So, what's happening with her? Well, right now she is very narrowly trailing Adam Frisch who is a former Aspen City councilman right now, by less than 100 votes, he is ahead of her by that.

So, let's zone in here on Pueblo County, south of Colorado Springs to see why she and her campaign may be very worried. They should be worried because this is a county that trends Democratic.

And I spoke tonight with Gilbert Ortiz. He is the clerk there in charge of elections, and he told me that all of their outstanding votes to count were all election day votes. They actually just reported out 2,000 of those votes that he told me they were going to report out. But the teams here, they are exhausted.

They've been working 18-hour days. They need sleep, so they're not going to be done here. They're going home for the night. They're going to be back at tomorrow at 9 Mountain Time, which is of course 11 a.m. Eastern. And they're going to finish the last 2,000 approximately votes.

But John and Jake, that's going to be essential to really seeing what happens in this race that now a lot of people are watching that they didn't expect they would be.

TAPPER: That's interesting. I have to say one of the things that makes me think maybe Boebert is not necessarily in trouble is that their election day votes, because generally speaking, the trend has been election day votes tend to go Republican. And early votes tend to go Democratic. But am I wrong about that?

KING: No, early votes tend to go Democratic, election day votes tend to be more Republican votes. That is -- that's certainly what happened in 2020 and we see more of that this year. It's you know, it's an individual discard here. You saw me just popping around the thing while you were talking for finishing break, just looking for more votes.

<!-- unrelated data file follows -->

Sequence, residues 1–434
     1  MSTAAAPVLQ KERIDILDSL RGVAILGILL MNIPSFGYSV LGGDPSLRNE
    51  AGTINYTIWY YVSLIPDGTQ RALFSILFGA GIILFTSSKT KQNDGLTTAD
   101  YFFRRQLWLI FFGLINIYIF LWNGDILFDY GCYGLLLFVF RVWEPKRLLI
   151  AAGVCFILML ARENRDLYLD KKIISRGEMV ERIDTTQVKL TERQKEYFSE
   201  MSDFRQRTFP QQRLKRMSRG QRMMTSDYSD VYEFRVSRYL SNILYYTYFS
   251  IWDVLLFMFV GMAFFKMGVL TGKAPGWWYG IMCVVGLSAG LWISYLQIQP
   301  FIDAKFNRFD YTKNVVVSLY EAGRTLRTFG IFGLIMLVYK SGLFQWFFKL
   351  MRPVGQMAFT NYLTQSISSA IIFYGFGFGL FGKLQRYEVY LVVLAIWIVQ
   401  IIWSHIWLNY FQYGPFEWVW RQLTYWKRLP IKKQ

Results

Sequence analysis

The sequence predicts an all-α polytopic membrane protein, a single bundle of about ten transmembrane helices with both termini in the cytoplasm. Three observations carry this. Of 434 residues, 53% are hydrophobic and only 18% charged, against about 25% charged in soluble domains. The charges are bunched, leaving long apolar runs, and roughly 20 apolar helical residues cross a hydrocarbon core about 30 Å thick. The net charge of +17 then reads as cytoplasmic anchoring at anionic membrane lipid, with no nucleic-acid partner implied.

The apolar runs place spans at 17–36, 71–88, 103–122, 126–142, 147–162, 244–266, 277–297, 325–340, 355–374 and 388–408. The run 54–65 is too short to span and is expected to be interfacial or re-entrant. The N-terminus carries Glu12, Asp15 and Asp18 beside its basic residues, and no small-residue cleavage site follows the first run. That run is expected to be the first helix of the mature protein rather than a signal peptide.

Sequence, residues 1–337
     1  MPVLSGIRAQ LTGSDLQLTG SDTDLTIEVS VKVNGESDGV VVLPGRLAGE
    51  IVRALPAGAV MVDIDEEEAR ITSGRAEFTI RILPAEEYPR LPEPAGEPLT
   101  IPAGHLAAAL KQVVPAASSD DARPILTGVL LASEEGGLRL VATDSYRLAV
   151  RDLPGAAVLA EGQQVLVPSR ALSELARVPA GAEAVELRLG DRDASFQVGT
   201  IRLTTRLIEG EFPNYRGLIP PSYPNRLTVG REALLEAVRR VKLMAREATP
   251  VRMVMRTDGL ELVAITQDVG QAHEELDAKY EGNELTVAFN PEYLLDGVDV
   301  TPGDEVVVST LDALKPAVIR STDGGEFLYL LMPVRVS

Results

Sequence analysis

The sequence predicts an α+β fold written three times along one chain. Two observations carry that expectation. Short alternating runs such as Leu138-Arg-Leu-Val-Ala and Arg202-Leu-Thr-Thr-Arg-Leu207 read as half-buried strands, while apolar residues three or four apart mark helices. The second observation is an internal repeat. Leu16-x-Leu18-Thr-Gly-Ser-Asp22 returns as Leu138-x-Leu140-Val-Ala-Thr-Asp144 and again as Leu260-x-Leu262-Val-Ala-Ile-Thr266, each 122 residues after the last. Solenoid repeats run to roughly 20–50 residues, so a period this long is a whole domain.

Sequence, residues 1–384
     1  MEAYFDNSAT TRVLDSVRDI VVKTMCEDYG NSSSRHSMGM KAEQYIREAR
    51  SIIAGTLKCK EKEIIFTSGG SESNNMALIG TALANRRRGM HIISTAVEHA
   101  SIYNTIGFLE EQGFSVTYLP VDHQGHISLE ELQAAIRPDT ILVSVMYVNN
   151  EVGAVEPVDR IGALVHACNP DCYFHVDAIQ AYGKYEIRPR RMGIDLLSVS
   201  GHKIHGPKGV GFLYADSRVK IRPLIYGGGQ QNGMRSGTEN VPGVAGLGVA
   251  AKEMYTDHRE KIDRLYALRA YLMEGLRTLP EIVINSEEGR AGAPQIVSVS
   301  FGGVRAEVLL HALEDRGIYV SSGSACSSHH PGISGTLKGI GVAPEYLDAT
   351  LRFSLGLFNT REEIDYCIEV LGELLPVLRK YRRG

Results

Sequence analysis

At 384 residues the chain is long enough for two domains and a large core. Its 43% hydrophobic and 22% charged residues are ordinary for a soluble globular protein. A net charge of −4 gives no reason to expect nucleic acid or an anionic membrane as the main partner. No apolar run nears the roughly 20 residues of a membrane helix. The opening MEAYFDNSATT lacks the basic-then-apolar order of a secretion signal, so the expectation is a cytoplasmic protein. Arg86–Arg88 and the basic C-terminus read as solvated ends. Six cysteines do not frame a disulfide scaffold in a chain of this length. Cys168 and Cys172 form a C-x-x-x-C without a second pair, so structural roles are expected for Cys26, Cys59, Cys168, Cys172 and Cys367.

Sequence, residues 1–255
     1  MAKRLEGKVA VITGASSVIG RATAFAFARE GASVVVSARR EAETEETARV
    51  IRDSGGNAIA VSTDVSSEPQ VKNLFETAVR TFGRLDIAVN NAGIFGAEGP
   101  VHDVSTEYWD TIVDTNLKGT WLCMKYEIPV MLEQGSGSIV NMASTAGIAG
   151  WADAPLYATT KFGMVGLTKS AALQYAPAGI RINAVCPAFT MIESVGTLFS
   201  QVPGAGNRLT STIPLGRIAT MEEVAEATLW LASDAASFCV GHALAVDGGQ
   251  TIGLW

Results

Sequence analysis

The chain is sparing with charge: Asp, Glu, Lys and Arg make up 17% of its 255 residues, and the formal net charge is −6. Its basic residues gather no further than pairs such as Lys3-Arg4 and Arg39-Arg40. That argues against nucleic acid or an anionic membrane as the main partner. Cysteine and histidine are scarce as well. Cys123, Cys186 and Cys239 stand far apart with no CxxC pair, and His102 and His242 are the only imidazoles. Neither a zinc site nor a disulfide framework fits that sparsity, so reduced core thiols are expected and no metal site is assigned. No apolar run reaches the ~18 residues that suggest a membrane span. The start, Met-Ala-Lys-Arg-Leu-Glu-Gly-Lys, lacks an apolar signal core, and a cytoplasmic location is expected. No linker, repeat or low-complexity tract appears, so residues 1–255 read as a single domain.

She was talking about Pueblo County here. And you see this is an estimate. Now our team does our best. It's a midterm political environment. You're not sure what turnout is going to be.

TAPPER: Right.

KING: So, we make our best with our partners to get an estimated reporting. So as Bri made the point, you know, they're tired and they need sleep, but it's a Democratic area, it's Joe Biden only carried this piece of it, this county by two points.

But you see right now, Adam Frisch, the Democratic candidate is winning it by nine. So, he's running very well in this traditionally Democratic area, so that, that's one piece of the district that that's one, one piece of the district. So that's some of it. I mean, this is just what we're going through on a smaller scale.

Just so we're going through in Arizona and Nevada, what's outstanding, what part in this case the district, not the state, are they in and how many more elsewhere, right.